Abstract: "At the annual banking structure and competition conference of the Federal Reserve Bank of Chicago in May 1987, the buzzword heard in the corridors and used by many of the speakers was 'that which can be securitized, will be securitized.'" So notes Hyman Minsky in a prescient memo on the nature, and the implications, of securitization, written 20 years before an explosion in the securitization of home mortgages helped create the current financial crisis. This memo, which served as the basis for a lecture in Minsky's monetary theory class at Washington University, has not been widely circulated. It is published here in its entirety, with a preface and an afterword by Senior Scholar L. Randall Wray that places Minsky's work in context.
    Date: 2008–06
  17. By: Romaniuk, Katarzyna (University of Paris 1 Panthéon-Sorbonne, PRISM); Vranceanu, Radu (ESSEC Business School)
    Abstract: Financial Newspapers have for long suggested that the Fed tends to provide additional Liquidity when the Stock Market thumbs. We provide a theoretical Explanation for this Behaviour that builds on the Methodology developed by Romaniuk (2008) for a central Banker with two main Goals, Output and Price stability. In this Paper, the Policymaker behaves as a Portfolio Manager who aims at stabilizing Output, Goods Prices, as well as Asset Prices. An optimal, Time-varying Interest Rate Rule is obtained as the Merton's (1971) continuous Time Solution to the Portfolio Manager's Problem. In a second Step, we infer the optimal Interest Rate Rule of a central Bank that can react differently to positive and negative Variations in the Stock Market.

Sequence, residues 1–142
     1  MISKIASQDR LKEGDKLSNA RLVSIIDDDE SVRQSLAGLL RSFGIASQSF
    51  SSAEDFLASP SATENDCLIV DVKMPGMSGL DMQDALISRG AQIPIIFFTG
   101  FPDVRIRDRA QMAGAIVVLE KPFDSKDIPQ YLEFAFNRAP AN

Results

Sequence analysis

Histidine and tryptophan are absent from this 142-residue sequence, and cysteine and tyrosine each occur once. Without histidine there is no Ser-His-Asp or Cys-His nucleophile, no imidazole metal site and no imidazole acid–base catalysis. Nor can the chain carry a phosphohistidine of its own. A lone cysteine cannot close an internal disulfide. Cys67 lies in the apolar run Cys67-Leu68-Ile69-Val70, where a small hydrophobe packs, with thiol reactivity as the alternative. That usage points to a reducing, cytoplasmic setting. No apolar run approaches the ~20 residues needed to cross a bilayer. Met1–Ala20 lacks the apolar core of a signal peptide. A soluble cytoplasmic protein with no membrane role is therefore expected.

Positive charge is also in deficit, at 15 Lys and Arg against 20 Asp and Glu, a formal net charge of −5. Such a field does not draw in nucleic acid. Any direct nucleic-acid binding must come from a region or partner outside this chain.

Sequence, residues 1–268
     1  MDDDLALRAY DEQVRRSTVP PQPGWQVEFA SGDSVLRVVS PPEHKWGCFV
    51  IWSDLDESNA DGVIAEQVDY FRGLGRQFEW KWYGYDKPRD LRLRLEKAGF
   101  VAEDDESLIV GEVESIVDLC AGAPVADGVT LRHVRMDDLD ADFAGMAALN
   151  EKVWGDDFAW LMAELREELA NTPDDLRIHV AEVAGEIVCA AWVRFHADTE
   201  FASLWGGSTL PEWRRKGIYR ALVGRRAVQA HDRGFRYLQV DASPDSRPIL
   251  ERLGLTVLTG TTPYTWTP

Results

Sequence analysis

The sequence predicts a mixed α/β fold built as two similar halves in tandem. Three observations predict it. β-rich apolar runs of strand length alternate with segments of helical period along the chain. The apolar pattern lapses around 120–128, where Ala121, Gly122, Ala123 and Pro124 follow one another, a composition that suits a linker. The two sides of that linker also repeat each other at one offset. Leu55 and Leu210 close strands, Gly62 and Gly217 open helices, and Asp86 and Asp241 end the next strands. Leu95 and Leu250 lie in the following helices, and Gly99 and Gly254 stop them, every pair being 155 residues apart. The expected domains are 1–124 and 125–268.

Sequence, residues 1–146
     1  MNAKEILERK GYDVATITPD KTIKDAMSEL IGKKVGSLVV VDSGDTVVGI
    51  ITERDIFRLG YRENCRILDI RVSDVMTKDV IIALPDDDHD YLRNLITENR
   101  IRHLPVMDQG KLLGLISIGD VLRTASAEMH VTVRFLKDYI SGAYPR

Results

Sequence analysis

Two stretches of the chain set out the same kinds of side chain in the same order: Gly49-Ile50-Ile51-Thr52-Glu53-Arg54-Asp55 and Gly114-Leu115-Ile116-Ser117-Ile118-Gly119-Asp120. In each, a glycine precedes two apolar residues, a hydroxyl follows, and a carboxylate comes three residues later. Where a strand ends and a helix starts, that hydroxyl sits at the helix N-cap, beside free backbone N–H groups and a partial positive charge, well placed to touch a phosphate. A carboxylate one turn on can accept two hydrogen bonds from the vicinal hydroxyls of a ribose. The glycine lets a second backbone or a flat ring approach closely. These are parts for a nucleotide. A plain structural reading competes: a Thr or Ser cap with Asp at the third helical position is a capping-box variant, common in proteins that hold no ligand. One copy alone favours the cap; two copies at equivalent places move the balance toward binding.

Keywords: Optimal Interest Rate Rule; Portfolio Choice; Fed; Asset Prices; Options Theory
    JEL: C61 E58 G11
    Date: 2008–03
  18. By: Bennett T. McCallum
    Abstract: In a very broad class of dynamic linear models, if agents possess knowledge of current endogenous variables in a least-squares learning process, determinacy of a rational expectations (RE) equilibrium is sufficient but not necessary for learnability of that equilibrium. Thus, since learnability is an attractive necessary condition for plausibility of any equilibrium, there may exist a single plausible RE solution even in cases of indeterminacy. This paper proposes and outlines a distinct criterion that plausible models should possess, termed "well formulated" (WF), which rules out infinite discontinuities in the implied impulse response functions. The paper explores the relationship between this WF property and learnability, under the information assumption mentioned above, and finds that they often agree but neither strictly implies the other. Extending the P-matrix requirement, implied for specified matrices by the WF property, to one that demands positive dominant-diagonal matrices would guarantee both WF and learnability, but a suitable rationale has not been found. Finally, under a second information assumption, which gives the agents only lagged information on endogenous variables during the learning process, the situation is less favorable in the sense that learnability can be guaranteed only under special assumptions.